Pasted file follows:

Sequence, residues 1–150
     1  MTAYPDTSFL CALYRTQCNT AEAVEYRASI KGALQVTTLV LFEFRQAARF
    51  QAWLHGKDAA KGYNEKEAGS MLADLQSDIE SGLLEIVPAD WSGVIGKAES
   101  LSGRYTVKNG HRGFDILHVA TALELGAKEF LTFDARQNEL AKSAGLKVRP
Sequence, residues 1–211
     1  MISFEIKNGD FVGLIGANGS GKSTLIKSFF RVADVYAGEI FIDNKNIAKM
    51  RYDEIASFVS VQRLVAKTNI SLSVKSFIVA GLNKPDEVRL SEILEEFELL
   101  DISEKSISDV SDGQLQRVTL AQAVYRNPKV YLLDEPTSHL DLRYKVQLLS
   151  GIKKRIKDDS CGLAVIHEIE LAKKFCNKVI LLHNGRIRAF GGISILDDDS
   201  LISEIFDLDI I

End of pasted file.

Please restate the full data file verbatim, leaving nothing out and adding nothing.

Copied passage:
Sequence, residues 1–150
     1  MTAYPDTSFL CALYRTQCNT AEAVEYRASI KGALQVTTLV LFEFRQAARF
    51  QAWLHGKDAA KGYNEKEAGS MLADLQSDIE SGLLEIVPAD WSGVIGKAES
   101  LSGRYTVKNG HRGFDILHVA TALELGAKEF LTFDARQNEL AKSAGLKVRP
Sequence, residues 1–211
     1  MISFEIKNGD FVGLIGANGS GKSTLIKSFF RVADVYAGEI FIDNKNIAKM
    51  RYDEIASFVS VQRLVAKTNI SLSVKSFIVA GLNKPDEVRL SEILEEFELL
   101  DISEKSISDV SDGQLQRVTL AQAVYRNPKV YLLDEPTSHL DLRYKVQLLS
   151  GIKKRIKDDS CGLAVIHEIE LAKKFCNKVI LLHNGRIRAF GGISILDDDS
   201  LISEIFDLDI I